Astonishing Collection of The Queen of Soul's Greatest Songs for Atlantic Records
Aretha Franklin made her Hall of Fame reputation at Atlantic Records between 1967-1968. This astonishing two-year period witnessed the singer score nine Top 10 hits and define soul music. Pairing with producer Jerry Wexler and a flawless Muscle Shoals studio band, Franklin unleashed bolder sides of her artistry kept under wraps during her tenure at Columbia. The rest is history – a history that, until now, has never been in heard in true audiophile sound. And if there's any voice you want to experience to the most realistic extent, it's that of the vocalist Rolling Stone crowned the Greatest Singer of All Time.
Hear why Franklin is even better than you likely think or remember. You just haven't been able to hear the Detroit native on a format that mirrors exactly what went down in the studios when she recorded songs that, to this day, remain the bar by which all other singers are measured. The same goes for Franklin's backing band, known as the Swampers, whose instrumental savvy, feel, and textures are so unique, the group is credited with creating its own style: The Muscle Shoals Sound. On this edition of Aretha's Gold, experience every picked guitar note, brushed snare, and fluid bass line. Seldom has a band and vocalist ever made a more formidable, memorable, and emotional combination.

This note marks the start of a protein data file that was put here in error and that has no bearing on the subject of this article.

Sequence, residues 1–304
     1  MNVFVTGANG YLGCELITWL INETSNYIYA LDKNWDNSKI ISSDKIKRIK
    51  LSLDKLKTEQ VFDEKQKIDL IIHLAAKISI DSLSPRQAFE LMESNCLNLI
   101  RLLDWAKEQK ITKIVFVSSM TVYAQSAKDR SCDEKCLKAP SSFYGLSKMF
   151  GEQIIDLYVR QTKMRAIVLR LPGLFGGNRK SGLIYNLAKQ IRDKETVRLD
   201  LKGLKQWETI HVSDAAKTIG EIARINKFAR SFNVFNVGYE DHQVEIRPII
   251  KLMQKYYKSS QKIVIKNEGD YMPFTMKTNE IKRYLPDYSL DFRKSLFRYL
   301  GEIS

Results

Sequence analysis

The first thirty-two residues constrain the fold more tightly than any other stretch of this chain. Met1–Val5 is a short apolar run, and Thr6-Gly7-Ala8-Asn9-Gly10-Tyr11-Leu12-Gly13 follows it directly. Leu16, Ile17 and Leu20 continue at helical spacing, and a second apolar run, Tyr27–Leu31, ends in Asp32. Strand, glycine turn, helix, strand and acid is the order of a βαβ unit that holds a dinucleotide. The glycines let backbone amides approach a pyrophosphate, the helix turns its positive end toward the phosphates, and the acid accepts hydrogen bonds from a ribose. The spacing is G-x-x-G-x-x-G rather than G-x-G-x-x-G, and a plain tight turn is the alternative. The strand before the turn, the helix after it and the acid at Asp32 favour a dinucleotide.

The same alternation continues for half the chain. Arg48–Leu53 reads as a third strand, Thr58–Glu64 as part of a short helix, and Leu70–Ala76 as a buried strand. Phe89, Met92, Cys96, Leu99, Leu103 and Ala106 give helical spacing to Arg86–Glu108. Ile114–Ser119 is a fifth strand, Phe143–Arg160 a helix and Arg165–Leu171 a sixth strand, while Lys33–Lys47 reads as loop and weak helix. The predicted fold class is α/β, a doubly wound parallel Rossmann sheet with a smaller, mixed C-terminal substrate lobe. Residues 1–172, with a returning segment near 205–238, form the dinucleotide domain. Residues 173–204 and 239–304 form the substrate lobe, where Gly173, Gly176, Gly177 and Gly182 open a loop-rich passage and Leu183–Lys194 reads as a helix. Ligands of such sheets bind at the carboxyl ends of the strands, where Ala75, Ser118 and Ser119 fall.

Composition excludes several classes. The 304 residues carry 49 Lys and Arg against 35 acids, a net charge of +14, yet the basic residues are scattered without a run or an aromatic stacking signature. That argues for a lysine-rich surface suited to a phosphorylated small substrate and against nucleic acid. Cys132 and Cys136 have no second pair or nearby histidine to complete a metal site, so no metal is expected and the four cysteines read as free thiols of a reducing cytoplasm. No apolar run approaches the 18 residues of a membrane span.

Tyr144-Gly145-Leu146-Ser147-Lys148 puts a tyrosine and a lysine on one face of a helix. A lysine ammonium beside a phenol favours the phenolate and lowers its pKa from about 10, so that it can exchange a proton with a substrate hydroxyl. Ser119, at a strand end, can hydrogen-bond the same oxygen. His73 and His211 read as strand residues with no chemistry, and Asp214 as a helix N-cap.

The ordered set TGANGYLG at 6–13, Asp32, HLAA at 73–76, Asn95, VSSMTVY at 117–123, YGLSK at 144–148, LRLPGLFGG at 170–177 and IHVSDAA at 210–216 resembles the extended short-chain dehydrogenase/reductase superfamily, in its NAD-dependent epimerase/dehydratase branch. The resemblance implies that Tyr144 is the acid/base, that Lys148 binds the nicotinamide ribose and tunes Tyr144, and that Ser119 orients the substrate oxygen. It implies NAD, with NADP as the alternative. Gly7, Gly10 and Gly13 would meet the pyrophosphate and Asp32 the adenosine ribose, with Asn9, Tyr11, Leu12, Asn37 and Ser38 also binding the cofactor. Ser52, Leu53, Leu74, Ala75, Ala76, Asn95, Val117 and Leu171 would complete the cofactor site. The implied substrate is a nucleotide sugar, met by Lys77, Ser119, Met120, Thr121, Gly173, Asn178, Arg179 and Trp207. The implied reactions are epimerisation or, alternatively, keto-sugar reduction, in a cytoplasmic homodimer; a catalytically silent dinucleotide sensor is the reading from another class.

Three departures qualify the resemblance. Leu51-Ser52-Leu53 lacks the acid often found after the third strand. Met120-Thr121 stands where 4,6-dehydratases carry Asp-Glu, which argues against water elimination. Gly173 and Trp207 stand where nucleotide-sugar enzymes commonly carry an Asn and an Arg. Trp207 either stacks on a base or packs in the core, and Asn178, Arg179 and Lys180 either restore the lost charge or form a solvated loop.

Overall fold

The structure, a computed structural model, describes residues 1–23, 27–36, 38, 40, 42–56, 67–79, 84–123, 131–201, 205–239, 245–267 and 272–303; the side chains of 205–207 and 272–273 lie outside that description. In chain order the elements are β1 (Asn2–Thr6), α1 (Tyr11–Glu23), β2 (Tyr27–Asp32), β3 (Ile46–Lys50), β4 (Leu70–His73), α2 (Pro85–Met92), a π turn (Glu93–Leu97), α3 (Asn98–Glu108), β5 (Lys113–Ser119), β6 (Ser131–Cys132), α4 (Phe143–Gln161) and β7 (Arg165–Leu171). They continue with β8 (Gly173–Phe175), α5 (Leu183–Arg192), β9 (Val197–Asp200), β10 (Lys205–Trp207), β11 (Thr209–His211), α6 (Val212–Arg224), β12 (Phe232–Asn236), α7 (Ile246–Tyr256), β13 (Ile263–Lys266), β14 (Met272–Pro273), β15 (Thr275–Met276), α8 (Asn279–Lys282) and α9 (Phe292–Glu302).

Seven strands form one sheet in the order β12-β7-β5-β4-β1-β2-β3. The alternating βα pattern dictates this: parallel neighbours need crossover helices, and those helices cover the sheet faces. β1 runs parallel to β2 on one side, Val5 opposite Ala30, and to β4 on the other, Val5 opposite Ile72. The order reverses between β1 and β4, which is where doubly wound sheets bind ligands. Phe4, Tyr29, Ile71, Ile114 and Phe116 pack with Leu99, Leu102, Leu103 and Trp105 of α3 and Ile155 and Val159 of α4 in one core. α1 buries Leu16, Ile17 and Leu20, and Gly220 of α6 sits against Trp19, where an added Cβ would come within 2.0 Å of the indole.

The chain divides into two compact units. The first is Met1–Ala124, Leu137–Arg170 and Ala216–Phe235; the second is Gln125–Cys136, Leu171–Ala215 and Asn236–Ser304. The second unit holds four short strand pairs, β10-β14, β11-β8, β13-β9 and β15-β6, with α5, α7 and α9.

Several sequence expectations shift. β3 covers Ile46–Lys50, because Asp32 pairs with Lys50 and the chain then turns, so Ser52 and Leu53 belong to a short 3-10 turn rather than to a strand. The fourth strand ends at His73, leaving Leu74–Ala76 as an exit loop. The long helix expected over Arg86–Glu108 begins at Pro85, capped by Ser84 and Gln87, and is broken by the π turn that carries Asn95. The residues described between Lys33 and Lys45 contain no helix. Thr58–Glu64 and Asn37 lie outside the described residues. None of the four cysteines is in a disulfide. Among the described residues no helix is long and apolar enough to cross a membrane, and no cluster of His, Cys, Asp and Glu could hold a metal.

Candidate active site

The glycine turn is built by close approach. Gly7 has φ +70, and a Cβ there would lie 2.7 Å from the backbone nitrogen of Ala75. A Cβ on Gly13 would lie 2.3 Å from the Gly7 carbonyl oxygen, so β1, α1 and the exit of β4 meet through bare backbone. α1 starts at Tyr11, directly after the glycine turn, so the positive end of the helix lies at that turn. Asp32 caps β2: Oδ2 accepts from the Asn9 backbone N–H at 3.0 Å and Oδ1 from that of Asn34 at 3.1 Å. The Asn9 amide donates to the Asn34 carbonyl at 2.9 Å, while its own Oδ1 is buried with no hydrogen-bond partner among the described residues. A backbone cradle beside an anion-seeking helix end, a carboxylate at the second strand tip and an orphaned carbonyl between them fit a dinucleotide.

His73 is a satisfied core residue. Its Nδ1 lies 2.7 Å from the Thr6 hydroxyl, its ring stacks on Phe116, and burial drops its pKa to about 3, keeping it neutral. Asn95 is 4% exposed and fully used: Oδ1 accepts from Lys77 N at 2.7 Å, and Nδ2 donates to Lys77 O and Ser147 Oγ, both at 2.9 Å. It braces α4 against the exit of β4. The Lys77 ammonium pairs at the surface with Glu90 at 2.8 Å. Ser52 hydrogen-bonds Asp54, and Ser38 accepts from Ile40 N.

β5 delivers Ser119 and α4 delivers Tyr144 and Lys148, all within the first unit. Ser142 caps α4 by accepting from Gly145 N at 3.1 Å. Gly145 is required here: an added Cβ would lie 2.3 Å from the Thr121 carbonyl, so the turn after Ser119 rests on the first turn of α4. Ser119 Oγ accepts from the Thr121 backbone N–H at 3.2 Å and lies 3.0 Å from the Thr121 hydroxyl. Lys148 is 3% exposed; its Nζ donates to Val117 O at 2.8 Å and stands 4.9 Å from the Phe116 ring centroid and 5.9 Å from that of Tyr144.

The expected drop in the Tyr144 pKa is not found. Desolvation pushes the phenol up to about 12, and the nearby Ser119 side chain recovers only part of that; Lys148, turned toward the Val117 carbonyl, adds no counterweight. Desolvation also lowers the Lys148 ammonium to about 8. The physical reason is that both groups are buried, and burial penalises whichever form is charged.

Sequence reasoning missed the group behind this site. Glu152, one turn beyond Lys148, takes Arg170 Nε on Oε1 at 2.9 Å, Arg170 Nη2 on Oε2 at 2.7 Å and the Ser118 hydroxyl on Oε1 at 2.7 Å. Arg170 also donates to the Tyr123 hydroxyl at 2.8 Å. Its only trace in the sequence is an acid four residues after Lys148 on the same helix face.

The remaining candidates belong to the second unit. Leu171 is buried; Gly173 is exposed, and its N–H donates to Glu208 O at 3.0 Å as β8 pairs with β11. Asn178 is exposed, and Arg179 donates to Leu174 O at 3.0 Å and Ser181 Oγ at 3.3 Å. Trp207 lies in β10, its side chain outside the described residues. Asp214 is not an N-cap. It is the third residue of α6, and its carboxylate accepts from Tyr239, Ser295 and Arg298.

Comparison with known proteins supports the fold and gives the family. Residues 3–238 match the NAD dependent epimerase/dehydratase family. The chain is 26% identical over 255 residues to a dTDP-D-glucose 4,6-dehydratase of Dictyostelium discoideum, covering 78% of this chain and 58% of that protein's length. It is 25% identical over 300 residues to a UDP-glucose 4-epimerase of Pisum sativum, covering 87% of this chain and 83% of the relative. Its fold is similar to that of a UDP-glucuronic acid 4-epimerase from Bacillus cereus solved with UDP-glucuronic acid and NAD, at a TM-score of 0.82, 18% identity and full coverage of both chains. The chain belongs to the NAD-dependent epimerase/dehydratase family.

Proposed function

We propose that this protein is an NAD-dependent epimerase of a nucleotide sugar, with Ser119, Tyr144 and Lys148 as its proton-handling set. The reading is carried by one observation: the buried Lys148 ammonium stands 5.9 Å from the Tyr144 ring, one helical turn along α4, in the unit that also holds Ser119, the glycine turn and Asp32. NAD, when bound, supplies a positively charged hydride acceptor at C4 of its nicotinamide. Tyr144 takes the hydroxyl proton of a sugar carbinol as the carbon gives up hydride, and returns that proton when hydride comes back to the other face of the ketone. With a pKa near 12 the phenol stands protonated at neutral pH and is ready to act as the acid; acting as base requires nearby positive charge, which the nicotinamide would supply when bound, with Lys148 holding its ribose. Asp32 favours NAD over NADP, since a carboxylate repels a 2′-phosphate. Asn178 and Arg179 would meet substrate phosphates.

The evidence plays out across these 14 songs, each a soul landmark, each unforgettable thanks to Franklin's impassioned performances and empowering attitude. The Sweet Impressions (Franklin's backing vocalists) and sweeping string arrangements bolster the foundation, but the material belongs to Franklin. A veritable hit parade, the track listing on Aretha's Gold reads like a dictionary of soul.
"I Never Loved a Man (The Way I Loved You)," "Respect," "(You Make Me Feel Like) A Natural Woman," "Chain of Fools," "Since You've Been Gone (Sweet Sweet Baby)," "Think," "The House That Jack Built," "I Say a Little Prayer," "Baby I Love You": All Top 10 hits. Plus five more tunes, including a riveting cover of Sam Cooke's "You Send Me," that charted.